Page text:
Monday, December 14, 2009

Climate change: A war for the future

Worldchanging's Alex Steffen has a piece on the intergenerational battle over climate change, pointing out that the vast gulf in perspective between the old dead men who "lead" us on this issue, who will almost certainly be dead by the time the effects really begin to be felt, and the young, who will see those effects in their lifetimes. Like Steffen, I'm between the two groups, officially untrustworthy. But I have even odds of making it to 2050, and so my future is at stake too. Which makes the following resonate powerfully:

To be young and aware today is to see your elders burning our civilization down around our ears. To hear scientists tell us we’re in the final countdown, with the risk of runaway climate change (along with the ecosystem collapses and horrific human suffering it will bring) mounting with every day we run business as usual. To hear nearly a chorus of credible voices—from doctors and scientists to retired generals and former bankers— warning that to lose this fight is to lose everything that makes our world livable and gives the future hope.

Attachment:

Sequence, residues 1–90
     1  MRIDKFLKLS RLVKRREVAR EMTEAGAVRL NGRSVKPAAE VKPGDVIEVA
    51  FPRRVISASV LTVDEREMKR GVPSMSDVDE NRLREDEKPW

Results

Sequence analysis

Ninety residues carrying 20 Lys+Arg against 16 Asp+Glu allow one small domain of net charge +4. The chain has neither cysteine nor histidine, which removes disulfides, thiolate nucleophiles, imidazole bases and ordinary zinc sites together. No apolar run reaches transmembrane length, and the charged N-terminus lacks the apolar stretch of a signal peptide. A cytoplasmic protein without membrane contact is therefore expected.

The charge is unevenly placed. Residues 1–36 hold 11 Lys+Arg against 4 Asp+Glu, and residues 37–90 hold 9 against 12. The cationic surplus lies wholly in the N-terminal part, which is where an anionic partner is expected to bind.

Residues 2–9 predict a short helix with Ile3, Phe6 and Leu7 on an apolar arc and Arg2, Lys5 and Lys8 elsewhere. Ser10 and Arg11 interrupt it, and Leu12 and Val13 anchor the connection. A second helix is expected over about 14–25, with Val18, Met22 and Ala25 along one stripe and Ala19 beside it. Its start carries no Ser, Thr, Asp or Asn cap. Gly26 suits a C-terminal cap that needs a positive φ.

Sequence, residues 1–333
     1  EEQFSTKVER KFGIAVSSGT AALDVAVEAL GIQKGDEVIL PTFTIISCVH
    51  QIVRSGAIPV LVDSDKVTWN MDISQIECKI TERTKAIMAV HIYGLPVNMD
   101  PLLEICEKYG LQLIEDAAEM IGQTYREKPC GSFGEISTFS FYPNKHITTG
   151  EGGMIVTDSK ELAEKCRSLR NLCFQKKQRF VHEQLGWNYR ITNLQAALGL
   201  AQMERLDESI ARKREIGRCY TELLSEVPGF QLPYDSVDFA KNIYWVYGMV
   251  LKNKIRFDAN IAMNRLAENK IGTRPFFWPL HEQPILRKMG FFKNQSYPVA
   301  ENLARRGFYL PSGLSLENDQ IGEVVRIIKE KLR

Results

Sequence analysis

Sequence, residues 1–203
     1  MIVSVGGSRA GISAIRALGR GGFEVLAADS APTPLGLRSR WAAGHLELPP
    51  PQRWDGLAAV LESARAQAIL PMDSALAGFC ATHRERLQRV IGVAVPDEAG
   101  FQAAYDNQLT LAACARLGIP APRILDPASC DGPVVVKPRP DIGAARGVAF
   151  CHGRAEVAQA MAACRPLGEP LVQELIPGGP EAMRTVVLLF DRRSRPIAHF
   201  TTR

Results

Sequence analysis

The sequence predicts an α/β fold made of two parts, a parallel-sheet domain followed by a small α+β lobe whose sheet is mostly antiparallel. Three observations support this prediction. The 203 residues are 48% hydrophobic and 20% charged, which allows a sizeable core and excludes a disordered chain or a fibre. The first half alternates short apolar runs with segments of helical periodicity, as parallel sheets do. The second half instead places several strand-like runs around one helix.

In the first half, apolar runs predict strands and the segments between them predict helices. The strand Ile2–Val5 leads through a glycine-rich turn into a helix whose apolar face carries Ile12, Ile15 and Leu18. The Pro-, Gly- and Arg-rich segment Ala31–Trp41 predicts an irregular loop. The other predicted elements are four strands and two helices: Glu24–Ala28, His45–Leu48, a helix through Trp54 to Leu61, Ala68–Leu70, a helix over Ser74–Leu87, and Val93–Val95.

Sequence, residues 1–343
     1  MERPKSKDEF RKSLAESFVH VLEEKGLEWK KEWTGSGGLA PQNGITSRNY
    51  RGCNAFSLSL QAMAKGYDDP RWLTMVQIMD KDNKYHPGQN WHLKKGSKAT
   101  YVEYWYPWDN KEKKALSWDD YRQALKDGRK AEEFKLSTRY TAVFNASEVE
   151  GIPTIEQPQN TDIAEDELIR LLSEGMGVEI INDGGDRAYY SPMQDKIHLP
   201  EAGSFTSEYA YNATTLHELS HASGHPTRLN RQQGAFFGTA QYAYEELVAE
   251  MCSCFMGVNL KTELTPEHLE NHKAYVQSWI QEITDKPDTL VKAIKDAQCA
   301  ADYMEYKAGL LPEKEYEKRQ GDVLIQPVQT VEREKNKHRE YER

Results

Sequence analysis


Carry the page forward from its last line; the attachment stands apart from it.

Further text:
You wouldn’t think a war could start over such simple ideas.

To be young and aware is to see old people—from the U.S. Senate to Wall Street, from newspaper editorial desks to corporate boardrooms—stalling action on every front, spouting platitudes about “balance,” committing themselves wholeheartedly to actions to be undertaken long after they’ve retired and died. To be told that the world’s scientists are participating in a giant hoax; to be chided for not understanding how the real world works; to be warned that doing the right thing will bankrupt us; to be told that not wanting to melt the ice caps and circle the equator in deserts makes you too radical to take seriously.

To be young and aware is to know you’re being lied to; to know that a bright green future is possible; to know that we can reimagine the world, rebuild our cities, redesign our lives, retool our factories, distribute innovation and creativity and all live in a world that is not only better than the alternative, but much better than the world we have now.

To be young and aware is to suspect that, in the end, the debate about climate action isn’t about substance, but about rich old men trying to squeeze every last dollar, euro, and yen from their investments in outdated industries. It is to agree with the environmentalist Paul Hawken that we have an economy that steals the future, sells it in the present, and calls it GDP. It is to begin to see your elders as cannibals with golf clubs.

"Cannibals with golf clubs" - the phrase perfectly describes Key, McCully, Smith, Groser, the membership of Federated Farmers and the boards of the major polluters who are working to ensure that New Zealand does nothing about this problem, is part of it rather than part of the solution. These fuckers are eating the future - my future, my friends' future, their kids' future. And if we want them to grow up (and us to grow old) in a future which hasn't been ruined by climate change, we need to stop the old now.